11

Will There Ever Be An End To 10 Digit Phone Numbers?

Posted by nik on March 11, 2011

Not-so many moons ago in the mid-1990’s, overlay area codes were introduced into the US phone system. Prior to that there was no area code in the United States where the middle digit wasn’t a 0 or a 1. Whenever you see a middle-0 or middle-1 area code these days, those are carryovers from Ye Olde Bell System.

US phone numbers are laid out as area code (3 digit), prefix (3 digit), suffix (4 digit) for a total of 10 digits not including country code (+1). While it may seem we have plenty of phone numbers to go around, we really don’t.

Each suffix can only accommodate for 10,000 assignable numbers (0000 through 9999). And being there are only 1,000 prefixes (000 through 999) per area code, that means that a maximum of 10 million numbers (10,000 assignable numbers x 1,000 prefixes) can be assigned to any one area code. Once the 10 million is expired, another area code must be put in the system to get another 10 million.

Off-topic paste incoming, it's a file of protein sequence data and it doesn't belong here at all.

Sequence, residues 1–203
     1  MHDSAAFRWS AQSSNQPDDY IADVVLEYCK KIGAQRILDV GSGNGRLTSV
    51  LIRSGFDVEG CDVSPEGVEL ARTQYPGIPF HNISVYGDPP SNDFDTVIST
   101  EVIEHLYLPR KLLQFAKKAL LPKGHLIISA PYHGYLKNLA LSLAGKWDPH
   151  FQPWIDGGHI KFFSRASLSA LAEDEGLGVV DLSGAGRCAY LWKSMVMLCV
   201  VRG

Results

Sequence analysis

Is the US in danger of one day running out of assignable phone numbers?

There are a total of 1.3 billion assignable phone numbers in the US, and of course the wireless carriers understandably have the lion’s share of them. Back in 2007 it was reported that of the numbers we have, 582 million of them are in use, but then again that’s four-year-old statistics. By now we may have passed the 600 million mark, if not exceeded it.